Soviet Union Information Bureau
SOVIET foreign trade is a state monopoly. The Government through the Commissariat for Trade regulates export and import operations which are permitted only with special licenses issued by the Commissariat.
The Commissariat, however, does not actually carry on the foreign trade operations itself. Exports and imports are handled in the U.S.S.R. by state trading companies, cooperative societies, industrial organizations and finally concession and mixed (Soviet and foreign capital) enterprises.
In foreign countries sales and purchases are made on behalf of the above organizations by the Trade Delegations of the U.S.S.R. and also, to a limited extent, by special representatives of Soviet trading organizations. In countries where there are no Soviet trade delegations trade with the U.S.S.R. is conducted through corporations with which special arrangements are made. In the United States, in the absence of a trade delegations Soviet trade is handled by the Amtorg Trading Corporation, All-Russian Textile Syndicate, Inc., CentrosojusAmerica, Inc., and SelskosojusAmerica, Inc.
A general export and import plan for the year is prepared in advance by the Commissariat for Trade. In this plan the export possibilities both in regard to agricultural and manufactured products are evaluated and on the basis of the export expectations an import program is drawn up. The import program provides primarily for the needs of various industries, transportation and agriculture. On the basis of the foreign trade plan export and import licenses are granted to organizations in the U.S.S.R., whether state organs, cooperative organizations or private and concession firms.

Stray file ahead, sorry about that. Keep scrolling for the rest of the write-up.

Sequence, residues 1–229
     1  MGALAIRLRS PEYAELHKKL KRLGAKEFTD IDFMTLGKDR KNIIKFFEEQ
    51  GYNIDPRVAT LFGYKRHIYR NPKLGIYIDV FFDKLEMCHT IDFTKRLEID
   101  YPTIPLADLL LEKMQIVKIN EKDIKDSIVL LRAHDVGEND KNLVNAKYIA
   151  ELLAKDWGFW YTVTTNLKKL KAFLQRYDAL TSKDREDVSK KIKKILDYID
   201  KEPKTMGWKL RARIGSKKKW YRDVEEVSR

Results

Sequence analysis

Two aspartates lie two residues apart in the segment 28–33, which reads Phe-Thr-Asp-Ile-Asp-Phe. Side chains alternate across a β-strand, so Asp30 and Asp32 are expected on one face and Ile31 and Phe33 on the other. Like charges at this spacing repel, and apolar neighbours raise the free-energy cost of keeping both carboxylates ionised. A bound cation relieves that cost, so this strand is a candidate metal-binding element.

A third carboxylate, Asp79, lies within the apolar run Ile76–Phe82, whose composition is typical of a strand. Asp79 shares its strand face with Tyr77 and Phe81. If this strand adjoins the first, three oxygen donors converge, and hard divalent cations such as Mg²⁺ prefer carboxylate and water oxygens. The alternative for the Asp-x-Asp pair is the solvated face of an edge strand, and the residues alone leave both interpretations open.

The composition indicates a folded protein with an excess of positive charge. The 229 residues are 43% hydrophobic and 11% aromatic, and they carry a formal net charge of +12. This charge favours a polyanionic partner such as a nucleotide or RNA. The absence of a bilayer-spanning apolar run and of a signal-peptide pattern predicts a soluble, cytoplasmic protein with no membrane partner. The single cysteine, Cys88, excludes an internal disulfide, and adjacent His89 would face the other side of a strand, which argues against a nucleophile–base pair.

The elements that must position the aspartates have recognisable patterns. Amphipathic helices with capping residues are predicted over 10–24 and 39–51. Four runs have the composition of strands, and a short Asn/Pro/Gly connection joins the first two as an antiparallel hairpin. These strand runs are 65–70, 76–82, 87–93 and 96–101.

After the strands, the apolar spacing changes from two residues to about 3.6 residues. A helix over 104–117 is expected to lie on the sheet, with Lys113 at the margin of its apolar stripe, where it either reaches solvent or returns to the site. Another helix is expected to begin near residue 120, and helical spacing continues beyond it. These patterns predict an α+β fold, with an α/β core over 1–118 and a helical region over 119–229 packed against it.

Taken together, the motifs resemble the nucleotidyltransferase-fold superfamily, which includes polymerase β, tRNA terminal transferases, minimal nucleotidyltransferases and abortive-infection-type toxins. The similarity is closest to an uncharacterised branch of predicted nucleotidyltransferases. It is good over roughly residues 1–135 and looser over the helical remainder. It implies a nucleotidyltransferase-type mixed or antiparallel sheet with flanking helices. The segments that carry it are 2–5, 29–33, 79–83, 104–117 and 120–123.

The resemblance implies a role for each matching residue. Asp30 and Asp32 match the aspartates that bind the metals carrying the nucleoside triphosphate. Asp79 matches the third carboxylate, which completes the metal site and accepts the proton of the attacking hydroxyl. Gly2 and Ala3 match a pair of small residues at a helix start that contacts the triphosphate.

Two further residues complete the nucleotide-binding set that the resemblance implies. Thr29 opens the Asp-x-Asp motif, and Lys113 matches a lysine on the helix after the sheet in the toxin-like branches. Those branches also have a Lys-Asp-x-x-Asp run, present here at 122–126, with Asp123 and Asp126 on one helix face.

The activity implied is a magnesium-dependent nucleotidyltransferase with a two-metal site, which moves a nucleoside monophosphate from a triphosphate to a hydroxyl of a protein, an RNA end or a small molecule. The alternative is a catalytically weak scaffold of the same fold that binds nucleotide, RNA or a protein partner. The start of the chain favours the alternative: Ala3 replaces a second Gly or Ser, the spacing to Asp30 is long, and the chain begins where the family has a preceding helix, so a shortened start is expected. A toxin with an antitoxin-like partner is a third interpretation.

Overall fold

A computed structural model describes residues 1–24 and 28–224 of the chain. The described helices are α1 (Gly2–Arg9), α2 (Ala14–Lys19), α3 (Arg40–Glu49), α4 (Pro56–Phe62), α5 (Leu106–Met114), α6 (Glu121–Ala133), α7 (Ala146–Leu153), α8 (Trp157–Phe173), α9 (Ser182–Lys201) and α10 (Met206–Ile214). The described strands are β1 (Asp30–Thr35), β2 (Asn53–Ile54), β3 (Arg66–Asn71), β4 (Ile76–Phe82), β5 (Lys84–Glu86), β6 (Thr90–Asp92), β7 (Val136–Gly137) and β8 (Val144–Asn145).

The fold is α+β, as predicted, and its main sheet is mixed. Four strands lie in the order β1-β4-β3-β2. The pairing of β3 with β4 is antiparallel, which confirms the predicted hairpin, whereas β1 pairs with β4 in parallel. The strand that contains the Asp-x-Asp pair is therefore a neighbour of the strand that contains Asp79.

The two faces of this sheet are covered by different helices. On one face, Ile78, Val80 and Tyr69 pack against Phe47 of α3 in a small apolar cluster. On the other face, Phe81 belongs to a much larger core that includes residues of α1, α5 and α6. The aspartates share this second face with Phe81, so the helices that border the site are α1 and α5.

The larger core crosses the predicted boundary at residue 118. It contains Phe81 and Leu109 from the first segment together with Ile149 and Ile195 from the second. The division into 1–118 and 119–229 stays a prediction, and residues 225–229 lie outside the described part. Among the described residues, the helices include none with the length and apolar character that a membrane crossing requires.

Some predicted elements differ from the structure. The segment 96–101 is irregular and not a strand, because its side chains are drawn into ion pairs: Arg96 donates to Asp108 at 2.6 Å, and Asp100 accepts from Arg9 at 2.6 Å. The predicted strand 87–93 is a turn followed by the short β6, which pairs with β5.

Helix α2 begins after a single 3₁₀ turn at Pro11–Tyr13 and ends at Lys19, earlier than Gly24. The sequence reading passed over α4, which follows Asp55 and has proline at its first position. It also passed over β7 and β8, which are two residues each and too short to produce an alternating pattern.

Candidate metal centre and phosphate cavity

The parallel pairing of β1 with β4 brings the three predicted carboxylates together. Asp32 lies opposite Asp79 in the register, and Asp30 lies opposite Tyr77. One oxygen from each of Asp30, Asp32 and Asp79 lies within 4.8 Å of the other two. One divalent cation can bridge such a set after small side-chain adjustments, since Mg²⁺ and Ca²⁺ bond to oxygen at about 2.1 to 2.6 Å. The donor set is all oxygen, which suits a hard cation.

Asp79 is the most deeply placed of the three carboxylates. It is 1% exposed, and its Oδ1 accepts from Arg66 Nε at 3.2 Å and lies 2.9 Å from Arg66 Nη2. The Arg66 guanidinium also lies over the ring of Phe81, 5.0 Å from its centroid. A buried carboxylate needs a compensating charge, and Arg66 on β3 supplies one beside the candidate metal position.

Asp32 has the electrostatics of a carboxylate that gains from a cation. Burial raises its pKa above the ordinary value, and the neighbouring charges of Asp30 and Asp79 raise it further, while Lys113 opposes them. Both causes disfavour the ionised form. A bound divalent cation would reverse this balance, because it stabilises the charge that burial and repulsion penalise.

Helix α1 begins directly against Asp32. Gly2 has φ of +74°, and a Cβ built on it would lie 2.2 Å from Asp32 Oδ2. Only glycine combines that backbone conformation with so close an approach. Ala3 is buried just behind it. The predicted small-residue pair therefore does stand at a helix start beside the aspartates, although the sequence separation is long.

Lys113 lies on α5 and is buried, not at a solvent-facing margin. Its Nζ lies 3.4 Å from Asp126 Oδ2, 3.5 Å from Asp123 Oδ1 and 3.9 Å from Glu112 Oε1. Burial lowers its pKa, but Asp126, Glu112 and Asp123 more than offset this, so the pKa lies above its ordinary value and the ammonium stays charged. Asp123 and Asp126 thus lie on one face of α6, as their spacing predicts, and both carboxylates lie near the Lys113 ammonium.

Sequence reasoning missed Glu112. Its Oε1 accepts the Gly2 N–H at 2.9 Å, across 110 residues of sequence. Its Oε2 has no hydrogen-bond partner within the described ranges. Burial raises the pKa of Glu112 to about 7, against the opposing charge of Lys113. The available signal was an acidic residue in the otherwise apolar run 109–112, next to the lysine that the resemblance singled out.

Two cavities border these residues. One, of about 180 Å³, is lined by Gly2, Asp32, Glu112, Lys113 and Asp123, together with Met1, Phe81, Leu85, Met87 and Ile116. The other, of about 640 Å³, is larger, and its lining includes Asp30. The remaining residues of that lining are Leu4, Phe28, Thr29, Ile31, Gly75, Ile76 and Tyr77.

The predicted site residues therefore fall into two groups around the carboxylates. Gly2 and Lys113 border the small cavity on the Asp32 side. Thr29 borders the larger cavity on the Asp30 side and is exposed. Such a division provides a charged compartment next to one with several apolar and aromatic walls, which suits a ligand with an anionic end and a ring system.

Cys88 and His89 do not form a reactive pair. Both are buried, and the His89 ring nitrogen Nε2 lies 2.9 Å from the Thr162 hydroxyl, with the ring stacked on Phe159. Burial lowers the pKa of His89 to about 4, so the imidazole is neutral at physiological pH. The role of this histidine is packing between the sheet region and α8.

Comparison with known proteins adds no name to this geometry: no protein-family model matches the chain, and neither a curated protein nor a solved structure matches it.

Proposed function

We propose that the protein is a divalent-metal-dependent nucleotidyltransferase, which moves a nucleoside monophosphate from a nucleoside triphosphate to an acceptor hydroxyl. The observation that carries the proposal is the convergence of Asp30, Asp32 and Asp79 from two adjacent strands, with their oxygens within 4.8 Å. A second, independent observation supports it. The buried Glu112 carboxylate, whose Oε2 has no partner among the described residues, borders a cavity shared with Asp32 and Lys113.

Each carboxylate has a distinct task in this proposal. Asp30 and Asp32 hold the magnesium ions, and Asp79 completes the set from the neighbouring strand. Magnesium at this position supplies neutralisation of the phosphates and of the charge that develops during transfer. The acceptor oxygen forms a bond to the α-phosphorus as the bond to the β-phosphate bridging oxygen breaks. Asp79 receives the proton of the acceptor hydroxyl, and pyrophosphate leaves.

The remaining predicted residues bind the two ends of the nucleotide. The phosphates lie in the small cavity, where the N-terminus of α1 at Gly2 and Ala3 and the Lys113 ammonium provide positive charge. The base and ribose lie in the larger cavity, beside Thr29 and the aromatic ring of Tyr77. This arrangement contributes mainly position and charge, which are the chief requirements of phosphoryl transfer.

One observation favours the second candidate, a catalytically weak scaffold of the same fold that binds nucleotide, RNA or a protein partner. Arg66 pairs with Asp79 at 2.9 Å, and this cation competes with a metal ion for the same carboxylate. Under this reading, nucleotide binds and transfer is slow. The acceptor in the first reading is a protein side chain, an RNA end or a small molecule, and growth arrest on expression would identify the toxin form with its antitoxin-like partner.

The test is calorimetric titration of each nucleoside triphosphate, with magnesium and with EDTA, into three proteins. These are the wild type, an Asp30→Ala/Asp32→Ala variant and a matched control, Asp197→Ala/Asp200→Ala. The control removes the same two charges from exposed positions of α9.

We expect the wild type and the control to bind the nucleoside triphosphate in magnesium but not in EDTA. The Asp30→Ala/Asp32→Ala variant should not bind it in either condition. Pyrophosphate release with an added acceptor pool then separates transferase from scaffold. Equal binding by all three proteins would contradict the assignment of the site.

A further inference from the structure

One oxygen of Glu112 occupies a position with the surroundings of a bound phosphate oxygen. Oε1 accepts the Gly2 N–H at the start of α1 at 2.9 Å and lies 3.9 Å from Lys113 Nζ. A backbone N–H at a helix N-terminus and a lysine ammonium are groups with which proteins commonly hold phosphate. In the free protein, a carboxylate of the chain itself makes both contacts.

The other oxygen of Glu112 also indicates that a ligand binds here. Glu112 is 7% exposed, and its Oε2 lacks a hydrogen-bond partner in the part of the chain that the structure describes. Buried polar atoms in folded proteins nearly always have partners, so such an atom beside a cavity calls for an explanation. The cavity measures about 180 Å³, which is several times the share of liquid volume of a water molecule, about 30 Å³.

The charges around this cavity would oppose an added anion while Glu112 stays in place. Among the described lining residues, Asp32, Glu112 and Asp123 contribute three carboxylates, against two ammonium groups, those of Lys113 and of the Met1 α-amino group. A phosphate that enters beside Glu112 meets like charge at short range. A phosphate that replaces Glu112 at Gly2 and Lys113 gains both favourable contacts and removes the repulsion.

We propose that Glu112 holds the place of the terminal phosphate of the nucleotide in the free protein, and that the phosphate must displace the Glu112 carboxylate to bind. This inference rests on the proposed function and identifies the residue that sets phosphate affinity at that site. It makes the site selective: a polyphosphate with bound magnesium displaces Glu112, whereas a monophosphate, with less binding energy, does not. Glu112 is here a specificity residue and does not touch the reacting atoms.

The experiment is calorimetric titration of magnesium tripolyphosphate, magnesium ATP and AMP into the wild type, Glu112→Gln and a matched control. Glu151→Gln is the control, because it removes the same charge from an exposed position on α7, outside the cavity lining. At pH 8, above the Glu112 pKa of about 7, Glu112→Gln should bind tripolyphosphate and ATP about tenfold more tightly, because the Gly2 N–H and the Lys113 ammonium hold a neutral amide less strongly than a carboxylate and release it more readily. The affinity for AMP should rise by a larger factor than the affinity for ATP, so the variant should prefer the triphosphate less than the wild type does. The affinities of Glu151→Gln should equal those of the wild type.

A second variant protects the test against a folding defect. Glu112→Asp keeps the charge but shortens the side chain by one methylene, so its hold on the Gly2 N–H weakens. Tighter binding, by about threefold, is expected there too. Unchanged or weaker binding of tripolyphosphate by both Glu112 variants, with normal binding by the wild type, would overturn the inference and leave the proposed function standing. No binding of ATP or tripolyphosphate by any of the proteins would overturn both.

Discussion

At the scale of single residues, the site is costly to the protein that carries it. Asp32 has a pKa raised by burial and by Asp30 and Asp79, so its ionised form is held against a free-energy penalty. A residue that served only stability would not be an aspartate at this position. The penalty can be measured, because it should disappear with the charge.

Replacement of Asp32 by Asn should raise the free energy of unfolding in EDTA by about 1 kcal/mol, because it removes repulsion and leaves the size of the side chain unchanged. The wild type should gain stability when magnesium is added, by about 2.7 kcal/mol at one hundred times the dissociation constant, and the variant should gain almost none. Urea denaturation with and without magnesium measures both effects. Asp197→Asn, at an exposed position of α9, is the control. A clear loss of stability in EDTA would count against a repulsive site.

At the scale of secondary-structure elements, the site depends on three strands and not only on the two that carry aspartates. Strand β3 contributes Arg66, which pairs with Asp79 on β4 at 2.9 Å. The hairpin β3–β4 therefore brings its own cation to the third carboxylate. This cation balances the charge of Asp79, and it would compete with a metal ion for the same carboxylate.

The principal exporters from the U.S.S.R. last year were the state exporting joint-stock companies (whose stock is owned by various producing organizations), such as Exportkhleb (Grain Export), Lnoexport (Flax Export) and promexport (Industrial Export). These organizations exported across European frontiers alone in 1926-27 products valued at 264,805,000 rubles. State syndicates and trusts engaged in marketing products both on the domestic and foreign markets (such as, for instance, the Soviet Oil Syndicate) exported goods valued at 166,811,000 rubles, and the Soviet general trading companies, the so-called "Gostorgs" of the Russian and other constituent republics exported goods valued at 127,194,000 rubles. Among other exporters were cooperatives, several foreign firms and mixed companies which are doing a limited export and import business in accordance with special concession agreements and, finally, private parties.
Exports across European frontiers for 1926-27 and 1925-26, by groups of exporters:
|(in thousands of rubles)|
|Syndicates, trusts and state organs||166,811||125,242|
|State joint-stock companies||264,805||260,118|
The greater part (over 75 per cent) of imports into the U.S.S.R. in 1926-27 were brought in by Soviet trusts, syndicates and special joint-stock importing companies. The remainder of the purchases abroad was made for co-operatives, Private and mixed companies and the Gostorgs.
Nearly three-fourths (72.3 per cent) of all purchases abroad for shipment to the Soviet Union were made last year directly by the Soviet trade delegations and by the Amtorg Trading Corporation in the United States and the Yuzhamtorg in Argentina. The remainder was purchased by other organizations abroad such as agencies of the cooperatives and firms purchasing cotton and wool for the Soviet Textile Syndicate. The share of the trade delegations showed an increase over 1925-26, when it amounted to 57.4 per cent of the total.